The U.S. Must Trump North Korea’s Military Plans


North Korea has become a serious military threat which must not be taken lightly by the United States government.


North Korea has become a serious military threat which must not be taken lightly by the United States government. (Courtesy of Flickr)

By Timothy Kyle

In an age where international diplomacy is conducted via Twitter and the global attention span is counted in hours rather than days, it is easy to forget that there has been a formal war on the Korean Peninsula for 67 years.

It is time for that war to end.

Never before has a state been as volatile, violent and threatening as North Korea had access to the power to end life on earth as we know it. It seems that the Democratic People’s Republic of Korea (DPRK) has become increasingly unassailable, and the dual threats of nuclear weapons and holding 25 million people hostage create a conundrum that conventional diplomacy has been unable to solve. Perhaps, then, the least conventional administration in American history must enact a solution – a solution no one wants but that becomes more necessary with every passing day. North Korea must be stopped.

The modern background of the Korean conflict is rooted in the 1950-1953 “hot” war. Back then, and also now, the People’s Republic of China acted as North Korea’s protector against the capitalist, democratic west, and China is the only reason immediate military action is not being taken against the DPRK. A conventional war against North Koreans would be quick; while they do have a large military, their equipment is extremely outdated and lacks any real test on the battlefield. It is the threat of Chinese military intervention that precludes most conventional options. And what of the North Korean nukes? According to a Defense Intelligence Agency report obtained by The Washington Post, the North Korean military can field at least 60 nuclear weapons, though it is known that their launch vehicles are unstable and often break up on launch, thus a conventional war may have seemed like a gambit: a risk not worth taking. That is until Sept. 3, when the North Koreans successfully detonated a thermonuclear (or hydrogen) bomb.

This puts the DPRK in the same echelon of nuclear power giants such as Russia, the USA and China. The weapon was so powerful that it caused an artificial earthquake measuring 6.3 on the Richter scale, which is at least five times more powerful than the nuclear weapon which devastated Nagasaki, Japan in 1945. They have not been able to fit it on a missile yet, which means there is still time to stop it.

The old adage that America “does not negotiate with terrorists” must be applied to this dire situation as well. For decades, both Republican and Democratic Presidents have appeased the rogue state of the DPRK, offering hollow condemnations on the global stage while continuing food and material relief aid, which is inevitably funneled to the country’s bloated military and bloated leader, Kim Jong-un. Much like our national debt and tumefied federal bureaucracy, the North Korea problem is delayed and passed down from president to president, all while the “Hermit Kingdom” comes closer and closer to challenging the global order through nuclear fire. It is truly deplorable that no president has had the wherewithal to do anything but pontificate. The time for “strategic patience” has passed.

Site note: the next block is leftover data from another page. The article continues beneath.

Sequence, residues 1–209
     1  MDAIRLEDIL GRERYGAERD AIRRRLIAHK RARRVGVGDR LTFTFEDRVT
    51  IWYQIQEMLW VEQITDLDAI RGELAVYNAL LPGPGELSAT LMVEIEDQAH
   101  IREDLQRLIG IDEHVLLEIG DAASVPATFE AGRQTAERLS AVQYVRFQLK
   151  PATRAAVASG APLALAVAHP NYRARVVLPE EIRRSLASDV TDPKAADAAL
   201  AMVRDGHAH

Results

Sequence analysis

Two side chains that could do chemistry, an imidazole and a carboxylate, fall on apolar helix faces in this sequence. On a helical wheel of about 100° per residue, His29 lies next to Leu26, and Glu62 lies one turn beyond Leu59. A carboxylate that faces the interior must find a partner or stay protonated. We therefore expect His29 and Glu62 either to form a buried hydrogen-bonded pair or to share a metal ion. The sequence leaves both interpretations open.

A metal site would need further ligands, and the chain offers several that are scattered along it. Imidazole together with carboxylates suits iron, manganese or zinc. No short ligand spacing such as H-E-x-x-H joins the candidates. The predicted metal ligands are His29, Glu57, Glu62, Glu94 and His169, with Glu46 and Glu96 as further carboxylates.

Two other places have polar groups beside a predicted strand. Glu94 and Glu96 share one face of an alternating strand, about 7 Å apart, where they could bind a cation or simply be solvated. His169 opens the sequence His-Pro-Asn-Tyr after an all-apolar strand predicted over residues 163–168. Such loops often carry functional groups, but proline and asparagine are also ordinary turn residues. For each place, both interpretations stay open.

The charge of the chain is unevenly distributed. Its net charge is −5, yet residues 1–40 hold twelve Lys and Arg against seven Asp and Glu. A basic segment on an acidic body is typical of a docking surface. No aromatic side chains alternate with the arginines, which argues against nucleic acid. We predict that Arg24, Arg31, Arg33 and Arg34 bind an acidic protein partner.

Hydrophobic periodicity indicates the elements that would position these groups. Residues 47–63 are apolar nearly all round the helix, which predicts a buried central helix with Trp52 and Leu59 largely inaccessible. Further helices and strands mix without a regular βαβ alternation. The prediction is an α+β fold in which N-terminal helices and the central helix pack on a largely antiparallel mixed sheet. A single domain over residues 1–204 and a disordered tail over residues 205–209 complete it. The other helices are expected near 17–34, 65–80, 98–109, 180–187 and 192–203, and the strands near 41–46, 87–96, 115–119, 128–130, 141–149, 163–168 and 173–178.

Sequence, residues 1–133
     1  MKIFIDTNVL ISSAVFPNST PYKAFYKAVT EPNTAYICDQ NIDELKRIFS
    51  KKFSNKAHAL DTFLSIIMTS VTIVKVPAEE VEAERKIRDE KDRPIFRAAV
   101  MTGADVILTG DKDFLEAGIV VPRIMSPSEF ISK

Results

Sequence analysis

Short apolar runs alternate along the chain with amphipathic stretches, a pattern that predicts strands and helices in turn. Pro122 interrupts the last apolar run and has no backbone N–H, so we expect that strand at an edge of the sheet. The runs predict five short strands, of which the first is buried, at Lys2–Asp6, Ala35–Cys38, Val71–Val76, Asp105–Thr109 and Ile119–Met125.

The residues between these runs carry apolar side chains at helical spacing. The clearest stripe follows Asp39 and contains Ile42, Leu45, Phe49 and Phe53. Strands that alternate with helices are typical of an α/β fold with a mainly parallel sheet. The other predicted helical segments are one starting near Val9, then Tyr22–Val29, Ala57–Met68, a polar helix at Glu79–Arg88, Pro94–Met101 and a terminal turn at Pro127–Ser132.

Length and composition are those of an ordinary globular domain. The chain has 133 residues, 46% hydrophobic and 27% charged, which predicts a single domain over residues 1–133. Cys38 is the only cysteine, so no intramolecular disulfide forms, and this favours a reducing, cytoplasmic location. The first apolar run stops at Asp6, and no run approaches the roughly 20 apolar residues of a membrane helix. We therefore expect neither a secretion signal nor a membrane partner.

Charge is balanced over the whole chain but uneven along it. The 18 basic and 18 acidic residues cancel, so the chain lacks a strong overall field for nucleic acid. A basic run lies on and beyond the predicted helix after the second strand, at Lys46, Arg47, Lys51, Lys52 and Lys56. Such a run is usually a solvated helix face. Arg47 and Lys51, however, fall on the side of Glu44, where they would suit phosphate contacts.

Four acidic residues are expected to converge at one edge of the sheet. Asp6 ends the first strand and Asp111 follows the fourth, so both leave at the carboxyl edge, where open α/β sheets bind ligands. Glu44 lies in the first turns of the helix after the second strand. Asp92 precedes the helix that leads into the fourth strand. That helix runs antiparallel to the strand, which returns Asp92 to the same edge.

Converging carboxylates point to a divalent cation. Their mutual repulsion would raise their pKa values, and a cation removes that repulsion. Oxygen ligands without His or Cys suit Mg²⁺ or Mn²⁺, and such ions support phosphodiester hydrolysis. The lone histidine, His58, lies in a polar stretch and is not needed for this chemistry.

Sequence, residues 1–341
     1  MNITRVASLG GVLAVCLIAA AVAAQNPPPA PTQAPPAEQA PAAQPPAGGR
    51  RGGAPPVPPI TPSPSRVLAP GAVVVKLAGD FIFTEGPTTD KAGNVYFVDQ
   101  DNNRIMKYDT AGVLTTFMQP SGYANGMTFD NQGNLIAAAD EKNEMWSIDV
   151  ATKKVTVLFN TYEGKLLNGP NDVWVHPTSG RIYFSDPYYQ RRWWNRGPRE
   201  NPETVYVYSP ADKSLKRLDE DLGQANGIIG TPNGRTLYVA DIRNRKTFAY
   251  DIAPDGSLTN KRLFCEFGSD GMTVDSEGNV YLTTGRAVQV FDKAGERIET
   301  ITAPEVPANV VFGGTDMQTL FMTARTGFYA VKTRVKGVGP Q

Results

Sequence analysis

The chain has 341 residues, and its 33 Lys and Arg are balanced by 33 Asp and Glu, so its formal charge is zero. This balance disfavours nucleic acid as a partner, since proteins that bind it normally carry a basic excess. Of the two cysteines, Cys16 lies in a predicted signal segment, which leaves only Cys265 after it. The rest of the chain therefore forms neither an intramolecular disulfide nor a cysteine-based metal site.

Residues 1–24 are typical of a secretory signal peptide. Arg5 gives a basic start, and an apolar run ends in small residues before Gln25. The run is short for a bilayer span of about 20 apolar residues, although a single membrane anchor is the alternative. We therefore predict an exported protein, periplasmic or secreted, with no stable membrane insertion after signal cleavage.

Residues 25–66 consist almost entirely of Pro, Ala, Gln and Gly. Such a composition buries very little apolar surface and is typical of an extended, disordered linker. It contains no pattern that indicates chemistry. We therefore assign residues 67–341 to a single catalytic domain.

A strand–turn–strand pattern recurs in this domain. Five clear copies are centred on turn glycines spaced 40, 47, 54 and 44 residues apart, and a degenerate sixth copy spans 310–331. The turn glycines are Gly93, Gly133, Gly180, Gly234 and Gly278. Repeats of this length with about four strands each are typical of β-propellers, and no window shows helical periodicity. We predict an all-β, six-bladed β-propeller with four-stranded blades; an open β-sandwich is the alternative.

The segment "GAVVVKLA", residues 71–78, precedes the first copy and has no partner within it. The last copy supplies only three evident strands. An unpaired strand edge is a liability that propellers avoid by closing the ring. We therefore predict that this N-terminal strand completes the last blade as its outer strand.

It is on the Trump administration to finally confront this threat and I believe that President Trump and his team are uniquely qualified to face the DPRK and end it’s tyranny before it can truly begin. It is important to remember that, first and foremost, President Trump is a businessman. To him, all diplomacy is a series of transactions: nations, treaties and peoples are commodities to be bought and sold, properties to trade and flip. This is an unorthodox worldview for a country’s leader, yet it is uniquely compatible with that of the leadership of the People’s Republic of China, North Korea’s protector, who thrive on a similar “Us v. Them” mentality in which every decision is weighted solely to benefit China. The Trump administration has two paths of immediate action it can take: first, to follow through on the President’s earlier threat of immediate cessation of trade with any country found to be doing business with North Korea.

This move would have massive economic ramifications, but, if the will is there, China would have no choice but to bow to the pressure and shift to fully supporting a de-nuclearized North Korea, because its economy is focused around exports, outnumbering imports and services to the tune of one trillion USD, according to the OEC. Second, carry out an immediate, precise military strike using our powerful local assets – carriers, marines, and missiles – to disable North Korean nuclear infrastructure and incapacitate their military. The key to either option’s success would be to allow China to take the lead on any regime or territorial change; Trump would have to offer the PRC the chance to create a nuclear-free puppet state in the North, or a large demilitarized zone along the Yalu River in the north to preclude any accusations of US invasion.

A choice must be made quickly. The clock is ticking. A successful end to this decades-long conflict could be what the Trump administration needs to shore up flagging support and abysmal opinion polling; a deference to the tyrannical Kim Jong-un would merely add it to the list of administrations that have failed the American people in it’s attempt to find the easy way out. If this is not ended now, Kim Jong-un will no longer be holding 25 million people hostage; he will be holding 7.5 billion people hostage.

Timothy Kyle, FCRH ’21, is political science major from West Hartford, Connecticut.